So it is always a good idea to have backups on a local device or to send everything to yourself via e-mail.  But of course it would be even better to offer access to net-based disk space.  When you log in, you connect to your university account and you can store everything there.  This also means that you always use your personal account, not a local one.  That's the way computer labs at the University of Zurich work.  So students don't have to remember which computer they worked with during the last lecture and they can access their data from everywhere.  Also OLAT, the LMS used in Zurich provides some personal storing space; students can use this to store data they want to access from different locations or they want to share with student fellows for project work or the like.  Unfortunately, ILIAS (the LMS used in Konstanz) does not offer this.

When I was just recovering from the burglary message, I got another message basically asking, if I was aware that next semester I would not teach the courses I offered to teach some days before -- instead of a research colloquium, I'm supposed to offer a seminar for students enrolled in teacher training for German.  Aha!

This week is a "normal week", I hope.  Next week I will be in the US, again with GPP13.  I hope surprises will be kept to a minimum.

Monday, June 3, 2013

Professor for one year (week 8): Hey professor!

How do professors talk to students, how do students talk to professors?  And what about written communication like e-mail messages?

When I was a research assistant and taught programming courses, I used to talk to students on a first-name basis and they also talked to me in a rather informal way, both face-to-face and in e-mail messages.  I did not ask for permission, though.  At that time, I was only five years older than them and some students were even older than I.

But time changes, and now my students start to be only half my age.  As a PostDoc in Basel I still talked to students in an informal way addressing the group as "Ihr" and not as "Sie" and addressing single students as "Du."  At the beginning of the course I asked students if this would be OK and they agreed.  I did not explicitly offer that they could use my first name, but I was fine with that.  Of course, in face-to-face communication, you can often avoid to directly address the other person.  Although most of the students talked to me rather informally, the majority did not use my first name in written communication.  Here they were back to "Frau Mahlow" and "Sie."  So I got messages starting with "Hallo Frau Mahlow" or "Liebe Frau Mahlow."  When answering them, I used the form they had chosen in the first place:  if someone addressed me as "Frau Mahlow", I answered in the formal way, but would still talk to them using "Du" instead of "Sie."  Sounds complicated?  Yes it was.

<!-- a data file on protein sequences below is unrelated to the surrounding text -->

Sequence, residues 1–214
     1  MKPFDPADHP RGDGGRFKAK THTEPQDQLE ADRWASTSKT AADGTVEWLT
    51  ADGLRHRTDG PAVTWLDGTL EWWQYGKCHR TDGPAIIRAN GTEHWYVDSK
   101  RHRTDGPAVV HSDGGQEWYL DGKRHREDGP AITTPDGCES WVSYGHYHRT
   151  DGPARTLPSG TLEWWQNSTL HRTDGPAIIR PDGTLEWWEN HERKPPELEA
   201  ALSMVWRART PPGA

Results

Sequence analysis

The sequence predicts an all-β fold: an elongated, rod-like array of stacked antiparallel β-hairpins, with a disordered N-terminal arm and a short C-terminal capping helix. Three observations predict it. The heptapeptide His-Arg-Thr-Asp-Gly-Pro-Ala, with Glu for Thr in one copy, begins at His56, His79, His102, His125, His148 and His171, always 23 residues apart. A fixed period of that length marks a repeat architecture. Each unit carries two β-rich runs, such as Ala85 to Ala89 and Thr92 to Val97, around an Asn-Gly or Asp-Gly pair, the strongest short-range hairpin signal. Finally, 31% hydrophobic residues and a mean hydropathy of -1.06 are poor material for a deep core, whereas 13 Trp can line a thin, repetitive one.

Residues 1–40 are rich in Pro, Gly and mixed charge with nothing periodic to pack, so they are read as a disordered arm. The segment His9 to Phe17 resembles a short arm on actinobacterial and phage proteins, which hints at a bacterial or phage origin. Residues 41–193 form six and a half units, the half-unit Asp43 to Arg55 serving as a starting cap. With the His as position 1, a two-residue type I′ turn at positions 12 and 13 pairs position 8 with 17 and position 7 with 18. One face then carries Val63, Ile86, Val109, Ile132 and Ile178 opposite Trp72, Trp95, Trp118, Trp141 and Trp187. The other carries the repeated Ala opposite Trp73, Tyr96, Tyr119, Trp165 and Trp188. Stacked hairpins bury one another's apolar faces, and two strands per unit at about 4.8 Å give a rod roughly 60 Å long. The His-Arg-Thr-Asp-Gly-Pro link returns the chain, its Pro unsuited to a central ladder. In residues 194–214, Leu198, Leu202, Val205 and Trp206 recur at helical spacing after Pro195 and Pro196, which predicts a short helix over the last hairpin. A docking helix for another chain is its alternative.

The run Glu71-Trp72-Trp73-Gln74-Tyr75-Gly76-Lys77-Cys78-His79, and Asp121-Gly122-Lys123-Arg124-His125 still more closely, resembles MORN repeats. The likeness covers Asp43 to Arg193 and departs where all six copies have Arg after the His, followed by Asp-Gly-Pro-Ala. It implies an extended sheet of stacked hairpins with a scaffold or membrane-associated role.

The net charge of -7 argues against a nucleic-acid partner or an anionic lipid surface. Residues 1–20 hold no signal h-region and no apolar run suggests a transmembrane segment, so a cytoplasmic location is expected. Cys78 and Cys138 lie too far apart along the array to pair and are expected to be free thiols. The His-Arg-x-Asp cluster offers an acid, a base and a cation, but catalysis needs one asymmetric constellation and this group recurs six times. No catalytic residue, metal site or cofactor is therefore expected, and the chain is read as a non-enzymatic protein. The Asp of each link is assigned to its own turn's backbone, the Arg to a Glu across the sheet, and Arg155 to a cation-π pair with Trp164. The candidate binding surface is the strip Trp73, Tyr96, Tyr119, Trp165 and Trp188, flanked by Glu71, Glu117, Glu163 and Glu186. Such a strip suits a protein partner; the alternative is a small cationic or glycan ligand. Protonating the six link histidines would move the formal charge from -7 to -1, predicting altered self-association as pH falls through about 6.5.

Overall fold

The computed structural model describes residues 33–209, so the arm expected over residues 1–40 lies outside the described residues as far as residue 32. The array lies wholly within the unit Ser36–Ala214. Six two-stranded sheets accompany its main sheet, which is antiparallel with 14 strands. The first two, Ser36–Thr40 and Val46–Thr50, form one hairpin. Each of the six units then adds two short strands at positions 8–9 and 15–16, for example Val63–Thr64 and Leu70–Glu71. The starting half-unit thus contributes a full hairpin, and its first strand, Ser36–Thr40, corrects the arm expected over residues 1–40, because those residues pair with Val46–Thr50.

When I started substituting in Konstanz, I decided to completely switch to the formal style.  So I would communicate with all students in all situations addressing them as "Sie."  That's rather simple.  However, in Germany, academic titles seem to be more important than in Switzerland.  So I get messages starting with "Sehr geehrte Frau Professor Mahlow" (although I am an acting professor, I'm not allowed to use this title), "Sehr geehrte Frau Dr. Mahlow", "Hallo Professor Mahlow", "Hallo Dr. Cerstin Mahlow" and so on.  Some salutations read rather odd and you can feel that the student was unsure about how to address me -- the English speaking student addresses me as "Dear Dr. Cerstin."

When I started my academic career in Zurich, I thought it was rather awkward that my supervisor was on a formal basis with all students, but as soon as they graduated he offered to use the informal communication form.  Sometimes as last thing in the oral exam.  But now I think that this in fact a good solution; I changed it a bit and with my student assistants I also communicate on a first-name basis before they graduate.  It feels comfortable this way.